Action Alert: Support a Multimodal Budget for 2020

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UPDATE: 10/28/19 3pm

Here at the Wisconsin Bike Fed, we want to emphasize that we believe in full budgetary transparency in all municipalities across the state for friendlier more bikeable and walkable communities. With the recent serious crashes occurring, one on October 26th when a 16 year old girl walking was hit when a person driving reportedly tried to beat a yellow light, and then October 24th the death of a six-year-old walking with her friends and family, the Milwaukee Common Council and the Mayor are grasping for solutions. During a press conference held near 22nd and Center St. the morning of Saturday, October 26th, the council was outraged and spoke in-depth about the consequences for the murderer of the child, and the consequences of other people driving recklessly. State Senator Lena Taylor, who is currently running for Milwaukee Mayor in 2020, was present. After the conference the council took questions, Taylor restated a question posed by a resident, “are we having more conversations about restorative justice? What have we done other than feed into the mass incarceration mindset that the present leadership always seems to be willing to do?” Taylor was referring to solutions to the problem of reckless driving.  Alderman and Council President Ashanti Hamilton said he understood the question and thanked them, he stated that he is aware that Complete Streets needs to be funded city-wide, but enforcement optically is quick and desirable by some.  We believe Taylor’s questions were critical and important, especially because the topic of restorative justice gets to the root cause of these issues, and investing in these creative solutions beyond punitive action has been sorely neglected in the past.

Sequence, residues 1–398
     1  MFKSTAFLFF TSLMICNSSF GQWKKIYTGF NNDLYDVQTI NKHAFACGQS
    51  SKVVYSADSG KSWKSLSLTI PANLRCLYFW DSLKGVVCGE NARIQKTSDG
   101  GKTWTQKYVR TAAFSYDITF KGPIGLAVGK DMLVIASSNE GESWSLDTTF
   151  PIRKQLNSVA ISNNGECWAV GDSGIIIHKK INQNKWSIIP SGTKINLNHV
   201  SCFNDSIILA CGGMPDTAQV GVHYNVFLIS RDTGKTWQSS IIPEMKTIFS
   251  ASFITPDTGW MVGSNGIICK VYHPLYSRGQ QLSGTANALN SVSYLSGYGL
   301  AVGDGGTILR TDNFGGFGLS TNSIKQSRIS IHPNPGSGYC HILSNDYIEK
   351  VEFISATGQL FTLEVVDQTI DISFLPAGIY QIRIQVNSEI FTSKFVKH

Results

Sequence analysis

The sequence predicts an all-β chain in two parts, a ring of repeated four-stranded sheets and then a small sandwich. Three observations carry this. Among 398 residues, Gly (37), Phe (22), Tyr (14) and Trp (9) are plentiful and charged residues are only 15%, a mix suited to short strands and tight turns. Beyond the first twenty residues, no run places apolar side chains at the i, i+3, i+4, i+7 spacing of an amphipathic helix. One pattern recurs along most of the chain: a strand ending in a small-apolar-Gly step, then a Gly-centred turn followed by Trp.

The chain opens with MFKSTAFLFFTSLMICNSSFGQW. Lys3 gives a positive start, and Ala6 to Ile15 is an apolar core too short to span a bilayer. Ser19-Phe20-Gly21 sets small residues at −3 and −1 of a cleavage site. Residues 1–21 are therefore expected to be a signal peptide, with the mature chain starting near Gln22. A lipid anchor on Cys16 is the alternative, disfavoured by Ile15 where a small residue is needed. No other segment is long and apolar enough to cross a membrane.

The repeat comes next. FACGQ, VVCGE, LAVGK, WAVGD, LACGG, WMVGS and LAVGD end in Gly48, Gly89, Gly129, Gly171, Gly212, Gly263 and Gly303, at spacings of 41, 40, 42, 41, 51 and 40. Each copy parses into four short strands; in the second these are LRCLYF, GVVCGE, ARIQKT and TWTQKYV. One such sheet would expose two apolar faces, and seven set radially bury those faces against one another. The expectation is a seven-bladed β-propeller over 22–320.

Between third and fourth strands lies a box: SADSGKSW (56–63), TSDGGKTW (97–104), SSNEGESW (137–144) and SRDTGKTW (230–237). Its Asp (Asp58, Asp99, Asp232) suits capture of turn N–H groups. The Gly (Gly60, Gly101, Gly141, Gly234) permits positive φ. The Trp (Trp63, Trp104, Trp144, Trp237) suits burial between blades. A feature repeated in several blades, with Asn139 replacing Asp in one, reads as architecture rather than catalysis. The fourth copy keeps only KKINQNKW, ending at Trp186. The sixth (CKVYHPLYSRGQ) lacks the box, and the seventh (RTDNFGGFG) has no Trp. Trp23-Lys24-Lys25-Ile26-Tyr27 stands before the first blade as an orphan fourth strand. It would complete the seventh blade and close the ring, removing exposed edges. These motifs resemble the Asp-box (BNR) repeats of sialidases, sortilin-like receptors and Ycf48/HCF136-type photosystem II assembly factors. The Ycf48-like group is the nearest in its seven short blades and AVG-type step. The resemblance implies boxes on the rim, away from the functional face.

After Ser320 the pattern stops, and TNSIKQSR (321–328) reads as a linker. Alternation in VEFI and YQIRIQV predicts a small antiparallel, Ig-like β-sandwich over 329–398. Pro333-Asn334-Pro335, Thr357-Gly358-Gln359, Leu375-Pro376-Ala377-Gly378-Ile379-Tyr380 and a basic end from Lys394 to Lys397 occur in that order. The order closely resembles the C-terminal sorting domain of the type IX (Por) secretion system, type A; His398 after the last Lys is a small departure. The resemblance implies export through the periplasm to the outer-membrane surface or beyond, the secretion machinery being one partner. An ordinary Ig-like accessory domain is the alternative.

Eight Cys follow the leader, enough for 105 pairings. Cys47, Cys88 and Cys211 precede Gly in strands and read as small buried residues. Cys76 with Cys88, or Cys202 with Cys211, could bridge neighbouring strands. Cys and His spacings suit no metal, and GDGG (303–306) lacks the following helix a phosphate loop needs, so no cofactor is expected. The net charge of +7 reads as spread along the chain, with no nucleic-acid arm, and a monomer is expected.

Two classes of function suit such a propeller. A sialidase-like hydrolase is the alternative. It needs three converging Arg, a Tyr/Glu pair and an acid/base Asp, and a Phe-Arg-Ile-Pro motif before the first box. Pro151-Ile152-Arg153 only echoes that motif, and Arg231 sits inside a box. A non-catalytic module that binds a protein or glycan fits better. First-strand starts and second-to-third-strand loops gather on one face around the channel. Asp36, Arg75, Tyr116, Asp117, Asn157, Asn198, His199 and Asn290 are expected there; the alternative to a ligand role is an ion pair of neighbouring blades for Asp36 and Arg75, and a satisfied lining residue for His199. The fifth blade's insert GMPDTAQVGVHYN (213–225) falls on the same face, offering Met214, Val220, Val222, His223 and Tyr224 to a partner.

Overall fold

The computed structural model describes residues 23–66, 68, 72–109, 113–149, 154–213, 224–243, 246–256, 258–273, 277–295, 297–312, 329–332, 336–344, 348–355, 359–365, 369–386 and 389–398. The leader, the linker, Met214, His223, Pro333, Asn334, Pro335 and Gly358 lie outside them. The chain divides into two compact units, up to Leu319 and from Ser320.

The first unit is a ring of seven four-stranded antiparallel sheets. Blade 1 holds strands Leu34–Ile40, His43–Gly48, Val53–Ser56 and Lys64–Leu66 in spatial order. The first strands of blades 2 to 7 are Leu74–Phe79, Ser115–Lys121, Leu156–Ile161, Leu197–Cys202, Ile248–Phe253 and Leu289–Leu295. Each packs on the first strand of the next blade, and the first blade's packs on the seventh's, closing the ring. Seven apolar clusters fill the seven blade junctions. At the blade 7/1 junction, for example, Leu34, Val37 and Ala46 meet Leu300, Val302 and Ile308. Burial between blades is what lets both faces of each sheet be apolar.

ORIGINAL POST ON 10/24/19

As the 2020 budget hearings in the City of Milwaukee come to an end we must continue to fight for more transparency on how our dollars and grant aid support safer and healthier streets.